Ayre was also showing its upcoming DX-5 universal player (DVD, Blu-ray, CD, SACD and DVD-Audio—multi- or two-channel. The DX-5, which is likely to set you back $9000 give or take when it comes out later this year, is based on the mechanicals and video guts of the Oppo Blu-ray player. But the chassis, audio stages, and a built-in USB DAC that can also be used with an outboard computer, are all Ayre-born.

As you can see, most of these products are not exactly popularly priced. Hair shirts for Hi-Fi can cost big bucks these days, and manufacturers trot out their choicest weaves for audio shows. But on the expensive but not ruinous fun-scale were the Focal Electra 1038Be (2nd generation Electra Be series). At $12,495/pair with its beryllium tweeter, it soared with most of the program material I brought along. But while it did surprisingly well with a low-powered Pathos hybrid amp (tube front end, solid-state output) some louder transients with demanding bass were clearly indistinct. Very likely this was due to the limited power on tap, not the speakers themselves, which actually impressed me more than the intimidatingly huge Focal Utopia models heard in a different, larger room. To be fair, however, I did not have the time to check out my own program material on the Utopias. There's also a slightly smaller Focal Electra Be, the 1028Be (also not on hand at the show), at $8495, which differs only in having just two 6.5" woofers instead of the 1038Be's three. If you use a sub, the extra woofer may be unnecessary, and the price difference will buy you a state-of-the art subwoofer, or two excellent ones. A matching center channel (not seen at the RMAF, of course) is the CC1008Be at $3495.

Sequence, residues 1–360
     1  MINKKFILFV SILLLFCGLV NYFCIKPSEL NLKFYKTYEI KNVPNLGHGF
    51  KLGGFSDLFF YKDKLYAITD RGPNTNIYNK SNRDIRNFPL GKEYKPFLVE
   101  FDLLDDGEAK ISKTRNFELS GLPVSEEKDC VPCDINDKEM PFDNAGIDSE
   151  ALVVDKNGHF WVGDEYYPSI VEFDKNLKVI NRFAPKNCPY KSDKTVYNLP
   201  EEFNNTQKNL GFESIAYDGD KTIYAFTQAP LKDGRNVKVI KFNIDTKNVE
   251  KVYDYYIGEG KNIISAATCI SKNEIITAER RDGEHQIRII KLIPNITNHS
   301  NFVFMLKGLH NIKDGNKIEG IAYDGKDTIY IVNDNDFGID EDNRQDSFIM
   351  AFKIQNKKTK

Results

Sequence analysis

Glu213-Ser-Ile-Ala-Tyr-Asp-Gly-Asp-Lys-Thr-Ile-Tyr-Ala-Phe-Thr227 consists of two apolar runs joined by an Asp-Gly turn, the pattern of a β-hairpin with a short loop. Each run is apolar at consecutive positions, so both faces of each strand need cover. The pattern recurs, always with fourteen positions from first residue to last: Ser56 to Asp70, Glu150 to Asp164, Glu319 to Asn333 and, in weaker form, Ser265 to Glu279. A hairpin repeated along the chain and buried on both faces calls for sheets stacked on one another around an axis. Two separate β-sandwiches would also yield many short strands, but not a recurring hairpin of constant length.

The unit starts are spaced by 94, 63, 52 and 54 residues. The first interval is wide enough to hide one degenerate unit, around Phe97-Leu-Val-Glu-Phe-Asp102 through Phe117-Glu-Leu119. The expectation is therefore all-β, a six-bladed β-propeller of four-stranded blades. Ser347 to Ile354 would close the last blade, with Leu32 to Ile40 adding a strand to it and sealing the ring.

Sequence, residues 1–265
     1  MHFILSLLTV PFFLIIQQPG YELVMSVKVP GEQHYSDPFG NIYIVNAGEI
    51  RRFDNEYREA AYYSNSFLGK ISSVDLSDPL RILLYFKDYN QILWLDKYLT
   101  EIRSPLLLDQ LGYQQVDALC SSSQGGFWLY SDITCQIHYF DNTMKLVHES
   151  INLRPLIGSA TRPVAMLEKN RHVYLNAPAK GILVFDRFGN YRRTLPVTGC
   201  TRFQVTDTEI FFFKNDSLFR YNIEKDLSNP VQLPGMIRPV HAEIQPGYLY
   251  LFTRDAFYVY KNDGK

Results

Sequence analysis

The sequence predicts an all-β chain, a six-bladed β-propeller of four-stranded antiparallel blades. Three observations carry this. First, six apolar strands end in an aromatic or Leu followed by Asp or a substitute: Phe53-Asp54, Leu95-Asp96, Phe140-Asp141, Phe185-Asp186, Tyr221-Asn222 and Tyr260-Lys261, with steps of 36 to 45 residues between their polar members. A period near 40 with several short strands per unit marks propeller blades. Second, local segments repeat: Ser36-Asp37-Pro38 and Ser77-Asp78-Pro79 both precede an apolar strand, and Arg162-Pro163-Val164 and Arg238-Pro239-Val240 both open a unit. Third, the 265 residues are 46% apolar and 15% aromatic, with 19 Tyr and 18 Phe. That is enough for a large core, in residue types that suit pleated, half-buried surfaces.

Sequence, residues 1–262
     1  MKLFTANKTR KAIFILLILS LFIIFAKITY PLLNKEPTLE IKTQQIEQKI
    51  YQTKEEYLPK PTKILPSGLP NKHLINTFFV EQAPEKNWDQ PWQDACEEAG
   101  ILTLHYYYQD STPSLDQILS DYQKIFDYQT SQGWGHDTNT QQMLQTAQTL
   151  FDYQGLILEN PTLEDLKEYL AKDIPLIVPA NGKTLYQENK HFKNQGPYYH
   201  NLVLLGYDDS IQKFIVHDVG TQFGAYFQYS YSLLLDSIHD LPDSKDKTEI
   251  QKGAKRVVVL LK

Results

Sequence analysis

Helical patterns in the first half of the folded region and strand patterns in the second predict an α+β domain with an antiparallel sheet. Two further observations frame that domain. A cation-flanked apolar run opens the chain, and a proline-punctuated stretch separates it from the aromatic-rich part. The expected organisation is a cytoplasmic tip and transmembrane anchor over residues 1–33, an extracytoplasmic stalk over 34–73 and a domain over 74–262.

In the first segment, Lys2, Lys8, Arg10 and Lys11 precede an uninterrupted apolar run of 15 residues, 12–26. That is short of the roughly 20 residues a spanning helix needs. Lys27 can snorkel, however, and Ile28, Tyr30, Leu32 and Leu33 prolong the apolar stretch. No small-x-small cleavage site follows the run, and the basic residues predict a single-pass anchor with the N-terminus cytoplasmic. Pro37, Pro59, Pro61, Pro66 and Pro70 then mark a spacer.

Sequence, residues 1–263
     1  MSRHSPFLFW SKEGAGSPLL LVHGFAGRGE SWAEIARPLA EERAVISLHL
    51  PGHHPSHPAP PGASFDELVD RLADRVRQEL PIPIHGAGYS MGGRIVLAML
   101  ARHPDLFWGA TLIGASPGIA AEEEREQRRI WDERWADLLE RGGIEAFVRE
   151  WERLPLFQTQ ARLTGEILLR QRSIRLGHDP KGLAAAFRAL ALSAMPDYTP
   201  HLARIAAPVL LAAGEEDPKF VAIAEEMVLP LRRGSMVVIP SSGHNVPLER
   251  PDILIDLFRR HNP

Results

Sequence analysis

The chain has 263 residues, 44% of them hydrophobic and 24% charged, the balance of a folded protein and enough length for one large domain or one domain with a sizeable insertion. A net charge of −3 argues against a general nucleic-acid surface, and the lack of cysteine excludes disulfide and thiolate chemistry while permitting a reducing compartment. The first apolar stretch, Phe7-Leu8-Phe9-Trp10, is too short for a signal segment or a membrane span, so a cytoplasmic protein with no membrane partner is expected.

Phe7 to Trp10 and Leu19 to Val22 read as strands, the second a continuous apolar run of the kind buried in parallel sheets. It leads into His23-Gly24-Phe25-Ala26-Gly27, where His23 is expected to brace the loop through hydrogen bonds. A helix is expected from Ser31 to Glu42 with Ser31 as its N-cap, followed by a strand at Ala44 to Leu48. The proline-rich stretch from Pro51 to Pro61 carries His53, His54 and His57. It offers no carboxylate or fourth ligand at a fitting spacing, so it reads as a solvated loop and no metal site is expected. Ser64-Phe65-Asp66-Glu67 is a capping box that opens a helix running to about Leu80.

And on the even more affordable side, the Zaph ZRTs in the Madisound room appeared to offer remarkable value. Madisound offers speaker drivers, parts, and cabinets to the DIY hobbyist market, and at $1500/pair including cabinets the Zaphs impressed me enough to consider checking out a pair, or more. They appear modest enough, with just a single 6.5" woofer-midrange and 1" tweeter per side, but the drivers are some of the best and most expensive available from Scan-speak, whose products are used in many commercial high-end speakers costing at least ten times as much as the ZRTs. Check out any high end speaker selling for more than $20,000/pr and there's an 80% chance that it is using, at the least, a Scan-speak tweeter no better than this one. The included crossovers are also pre-wired. But if you had trouble assembling that IKEA bookshelf, don't trust yourself to install the pricey drivers without poking holes in them with the screwdriver, or aren't sure which end of a soldering iron to hold, these kits aren't for you.

Other rooms that caught my ear or eye, in no particular order, were Vivid, Marantz/Snell, Hegel, PMC, Hansen/Esoteric, Avalon/VTL, Bamberg Audio, Naim, and Kimber. For more info on some of these rooms, see the blog entries below.